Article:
Archive - News Article
November 11th, 2011
Thank you veterans.
The Observer-News-Enterprise is proud to salute the men and women who served in our nationâs military, and the Veterans Day newspaper features the next in a series of o-N-E stories focused on the military members who fought for our freedom.
Pick up a copy of The O-N-E on Friday, or visit www.observernewsonline.com to read the story of Billy Hokeâs service during World War II. Also inside The O-N-E, readers find a Veterans salute from Coast Guard veteran Robert Morrison.
The holiday shopping season is here, and The Observer News Enterprise is rewarding area residents who support their hometown businesses.
As part of The O-N-E's Hometown Christmas program, Catawba County's community newspaper announced the first two $100 winners in the annual shop-local promotion.
Police are looking for suspects who stole more than $5,000 in equipment from a storage shed at Wilsonâs Airport on Tuesday.
According to the Catawba County Sheriffâs Office, unknown suspects stole motors, engines, wheels and other equipment from the Wilsonâs Airport at 5284 Pittstown Road in Hickory.
Authorities say the items were probably stolen overnight and are still investigating. The items belonged to Claude Farris Wilson, 81, of Hickory.
Some of the items include:
* $1,000 â 60 horse power electric motor
* $500 â starter engine for a crawler tractor
During his lifetime, public servant P.J. Stanley touched the lives of many Claremont and Catawba County residents.
The governor of North Carolina honored that service this week.
The office of Gov. Bev Perdue issued Stanleyâs family the Order of the Long Leaf Pine award during a ceremony at Claremont Police Department.
It is the highest award that the governor can issue a citizen of the state.
Billy Hoke worked at Warlong Glove in April 1943.
In the two years that followed, the teenage Hoke left his hometown of Conover to visit several U.S. states and walk all over Europe.
Along the way he dodged German torpedoes, avoided enemy gunfire and lost part of his left leg after stepping on a snow-covered ground explosive. He did it all as a member of the Pennsylvania Army National Guard during World War II.
âI was in the 109th infantry, 28th division,â Hoke said this week during an interview with The O-N-E about his military service. âI walked everywhere I went.
A new state law intending to punish criminals who run from police may also place an extra burden on counties.
Lawmakers approved N.C. House Bill 427 this summer. The âRun and Youâre Doneâ law, which goes into effect Dec. 1, forces police to seize any vehicle involved in a felonious speeding-to-elude-arrest incident.
According to the law, those vehicles are then handed over to sheriffs â placing more cars, paperwork and up-front costs on county resources that are already slim.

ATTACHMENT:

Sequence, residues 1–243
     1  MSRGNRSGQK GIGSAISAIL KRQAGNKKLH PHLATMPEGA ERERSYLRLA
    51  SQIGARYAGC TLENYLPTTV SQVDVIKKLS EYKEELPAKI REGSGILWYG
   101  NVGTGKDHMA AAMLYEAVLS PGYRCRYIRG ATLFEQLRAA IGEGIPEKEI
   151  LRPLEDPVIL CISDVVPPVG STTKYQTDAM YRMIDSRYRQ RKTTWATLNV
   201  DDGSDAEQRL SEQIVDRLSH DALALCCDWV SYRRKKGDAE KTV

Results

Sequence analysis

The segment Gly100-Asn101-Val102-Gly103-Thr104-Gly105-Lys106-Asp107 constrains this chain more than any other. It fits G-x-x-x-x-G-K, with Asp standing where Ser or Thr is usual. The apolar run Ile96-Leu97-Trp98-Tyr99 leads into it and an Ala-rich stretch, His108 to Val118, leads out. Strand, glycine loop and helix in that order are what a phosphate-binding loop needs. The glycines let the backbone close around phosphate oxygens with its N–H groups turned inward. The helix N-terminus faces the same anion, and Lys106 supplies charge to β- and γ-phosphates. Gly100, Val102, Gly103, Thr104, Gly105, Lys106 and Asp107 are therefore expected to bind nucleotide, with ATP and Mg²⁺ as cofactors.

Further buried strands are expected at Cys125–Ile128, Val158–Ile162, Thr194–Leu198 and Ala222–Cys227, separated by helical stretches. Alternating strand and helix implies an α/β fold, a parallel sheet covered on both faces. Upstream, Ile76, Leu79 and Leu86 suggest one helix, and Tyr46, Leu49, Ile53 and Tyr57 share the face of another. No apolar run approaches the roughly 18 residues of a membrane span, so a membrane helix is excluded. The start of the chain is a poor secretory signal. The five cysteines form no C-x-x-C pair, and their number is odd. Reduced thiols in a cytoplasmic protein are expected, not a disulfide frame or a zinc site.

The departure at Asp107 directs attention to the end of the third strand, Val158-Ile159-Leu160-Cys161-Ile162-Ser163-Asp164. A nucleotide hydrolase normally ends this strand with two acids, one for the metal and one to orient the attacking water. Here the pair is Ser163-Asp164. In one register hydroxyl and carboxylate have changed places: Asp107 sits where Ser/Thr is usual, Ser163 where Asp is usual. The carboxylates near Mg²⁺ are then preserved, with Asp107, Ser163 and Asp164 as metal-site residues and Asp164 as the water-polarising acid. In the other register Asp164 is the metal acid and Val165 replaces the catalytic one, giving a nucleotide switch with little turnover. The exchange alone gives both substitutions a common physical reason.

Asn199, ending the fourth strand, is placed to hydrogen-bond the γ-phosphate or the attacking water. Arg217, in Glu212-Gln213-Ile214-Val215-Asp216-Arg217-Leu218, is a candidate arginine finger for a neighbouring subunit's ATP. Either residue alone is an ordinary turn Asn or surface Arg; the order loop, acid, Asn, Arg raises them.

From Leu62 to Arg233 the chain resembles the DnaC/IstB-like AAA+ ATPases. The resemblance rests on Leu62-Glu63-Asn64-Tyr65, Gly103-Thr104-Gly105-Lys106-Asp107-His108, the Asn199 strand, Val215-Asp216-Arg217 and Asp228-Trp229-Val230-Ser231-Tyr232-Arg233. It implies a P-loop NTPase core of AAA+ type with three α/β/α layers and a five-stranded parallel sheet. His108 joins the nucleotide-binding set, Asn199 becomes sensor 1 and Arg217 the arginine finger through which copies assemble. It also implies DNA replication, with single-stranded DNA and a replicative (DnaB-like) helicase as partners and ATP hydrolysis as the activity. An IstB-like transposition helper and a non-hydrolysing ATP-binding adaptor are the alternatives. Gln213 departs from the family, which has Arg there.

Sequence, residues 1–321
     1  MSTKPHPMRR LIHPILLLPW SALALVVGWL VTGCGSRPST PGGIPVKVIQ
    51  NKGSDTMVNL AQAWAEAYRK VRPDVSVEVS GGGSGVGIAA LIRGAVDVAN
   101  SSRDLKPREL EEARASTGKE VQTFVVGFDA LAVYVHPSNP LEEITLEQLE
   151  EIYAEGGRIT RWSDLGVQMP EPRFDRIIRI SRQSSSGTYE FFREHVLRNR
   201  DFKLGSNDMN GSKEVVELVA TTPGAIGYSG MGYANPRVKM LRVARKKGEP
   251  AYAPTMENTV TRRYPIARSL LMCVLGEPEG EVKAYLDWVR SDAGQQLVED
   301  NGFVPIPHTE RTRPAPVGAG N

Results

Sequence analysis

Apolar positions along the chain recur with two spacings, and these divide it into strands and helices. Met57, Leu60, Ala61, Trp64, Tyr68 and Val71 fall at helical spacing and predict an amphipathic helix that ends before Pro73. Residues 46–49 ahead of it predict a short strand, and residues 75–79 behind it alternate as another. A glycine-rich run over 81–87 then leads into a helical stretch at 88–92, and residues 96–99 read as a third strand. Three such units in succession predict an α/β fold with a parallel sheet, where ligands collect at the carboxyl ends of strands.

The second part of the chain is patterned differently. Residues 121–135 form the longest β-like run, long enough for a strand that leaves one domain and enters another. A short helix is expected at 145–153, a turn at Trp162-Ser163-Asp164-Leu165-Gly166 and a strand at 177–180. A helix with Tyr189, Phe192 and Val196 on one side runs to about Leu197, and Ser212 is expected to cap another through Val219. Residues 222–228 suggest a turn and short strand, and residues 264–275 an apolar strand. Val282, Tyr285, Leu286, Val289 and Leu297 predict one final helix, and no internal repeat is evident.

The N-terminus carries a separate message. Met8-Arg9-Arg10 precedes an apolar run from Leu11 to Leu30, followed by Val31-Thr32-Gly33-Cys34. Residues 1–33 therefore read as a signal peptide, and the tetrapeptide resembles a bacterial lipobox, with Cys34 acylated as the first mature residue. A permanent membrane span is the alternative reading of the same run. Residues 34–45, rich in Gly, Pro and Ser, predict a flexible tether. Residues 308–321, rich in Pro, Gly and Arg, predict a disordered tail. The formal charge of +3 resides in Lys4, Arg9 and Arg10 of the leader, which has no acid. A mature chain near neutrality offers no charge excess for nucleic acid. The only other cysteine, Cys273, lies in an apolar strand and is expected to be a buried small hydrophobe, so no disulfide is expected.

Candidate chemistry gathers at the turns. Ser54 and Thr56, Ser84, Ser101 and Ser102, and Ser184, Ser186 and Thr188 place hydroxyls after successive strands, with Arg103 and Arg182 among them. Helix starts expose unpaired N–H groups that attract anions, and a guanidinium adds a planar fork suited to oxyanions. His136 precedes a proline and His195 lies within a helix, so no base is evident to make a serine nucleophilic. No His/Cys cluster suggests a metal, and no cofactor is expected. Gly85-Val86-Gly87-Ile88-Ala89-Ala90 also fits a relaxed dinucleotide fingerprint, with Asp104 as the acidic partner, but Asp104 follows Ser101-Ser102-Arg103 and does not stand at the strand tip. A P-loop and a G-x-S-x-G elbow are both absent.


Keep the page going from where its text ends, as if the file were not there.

The Observer News Enterprise proudly salutes our veterans, including World War II veteran John Caldwell of Newton. Read his account of the Omaha Beach in the Thursday print and online editions of The Observer News Enterprise. Also be sure to see the calendar events slated for Veteranâs Day observances in the county.
Three days after being indicted on charges of extortion and obstruction of justice, Shawn Clark maintains his innocence.
The Catawba County lawyer and former district attorney candidate turned himself in on Wednesday in Newton. He was released after posting a $50,000 secured bond and will appear in court Friday, Nov. 18, at 9 a.m. in Newton.
He said he intends to face the charges head on.
âI think the charges are absolutely ridiculous,â Clark said Wednesday afternoon. âIâm not going to hide from the charges. I feel very confident I am going to defend myself against them.â
A Newton-Conover High School physics class is building a soapbox derby car for the Nov. 19 Western North Carolina Gravity Games Soapbox Race in Lenoir.
Senior Shivam Desai â pictured here in a Nov. 3 story by The O-N-E â will drive the car for the NCHS team.
Teams from St. Stephens High School, Jacobs Fork Middle School, Hickory High School, Northview Middle School and Newton-Conover Middle School will also compete in the race, which is sponsored by Google and Appalachian State University.
John Caldwell stepped off a ship and onto Omaha Beach in France in June 1944.
He wore a field pack on his back, wielded a rifle and carried a radio.
The water was waist-deep.
âAnd Germans were on top of the hills with machine guns, mowing us down fast as we got off,â Caldwell said. âYou had to be alert. Itâs unbelievable, you know, that Iâm still here.â
Caldwell recently talked with The Observer News Enterprise about that day and his military service.